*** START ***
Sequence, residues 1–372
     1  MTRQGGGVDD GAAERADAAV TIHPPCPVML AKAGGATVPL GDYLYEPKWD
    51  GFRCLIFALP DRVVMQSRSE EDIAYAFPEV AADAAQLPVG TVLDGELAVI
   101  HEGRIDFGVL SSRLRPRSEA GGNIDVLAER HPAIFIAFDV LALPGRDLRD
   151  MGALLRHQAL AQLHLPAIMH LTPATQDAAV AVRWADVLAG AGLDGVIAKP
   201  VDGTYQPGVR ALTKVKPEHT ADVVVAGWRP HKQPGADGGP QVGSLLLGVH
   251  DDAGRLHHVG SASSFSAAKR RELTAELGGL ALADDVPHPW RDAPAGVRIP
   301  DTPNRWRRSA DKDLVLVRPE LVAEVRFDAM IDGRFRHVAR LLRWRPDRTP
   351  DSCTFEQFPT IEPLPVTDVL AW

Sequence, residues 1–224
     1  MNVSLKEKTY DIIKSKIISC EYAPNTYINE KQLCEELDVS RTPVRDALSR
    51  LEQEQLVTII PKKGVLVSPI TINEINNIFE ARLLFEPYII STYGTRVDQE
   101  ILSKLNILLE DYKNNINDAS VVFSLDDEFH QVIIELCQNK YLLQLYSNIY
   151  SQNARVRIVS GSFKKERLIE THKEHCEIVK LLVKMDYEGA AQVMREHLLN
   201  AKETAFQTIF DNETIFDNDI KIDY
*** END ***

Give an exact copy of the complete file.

Sequence, residues 1–372
     1  MTRQGGGVDD GAAERADAAV TIHPPCPVML AKAGGATVPL GDYLYEPKWD
    51  GFRCLIFALP DRVVMQSRSE EDIAYAFPEV AADAAQLPVG TVLDGELAVI
   101  HEGRIDFGVL SSRLRPRSEA GGNIDVLAER HPAIFIAFDV LALPGRDLRD
   151  MGALLRHQAL AQLHLPAIMH LTPATQDAAV AVRWADVLAG AGLDGVIAKP
   201  VDGTYQPGVR ALTKVKPEHT ADVVVAGWRP HKQPGADGGP QVGSLLLGVH
   251  DDAGRLHHVG SASSFSAAKR RELTAELGGL ALADDVPHPW RDAPAGVRIP
   301  DTPNRWRRSA DKDLVLVRPE LVAEVRFDAM IDGRFRHVAR LLRWRPDRTP
   351  DSCTFEQFPT IEPLPVTDVL AW

Sequence, residues 1–224
     1  MNVSLKEKTY DIIKSKIISC EYAPNTYINE KQLCEELDVS RTPVRDALSR
    51  LEQEQLVTII PKKGVLVSPI TINEINNIFE ARLLFEPYII STYGTRVDQE
   101  ILSKLNILLE DYKNNINDAS VVFSLDDEFH QVIIELCQNK YLLQLYSNIY
   151  SQNARVRIVS GSFKKERLIE THKEHCEIVK LLVKMDYEGA AQVMREHLLN
   201  AKETAFQTIF DNETIFDNDI KIDY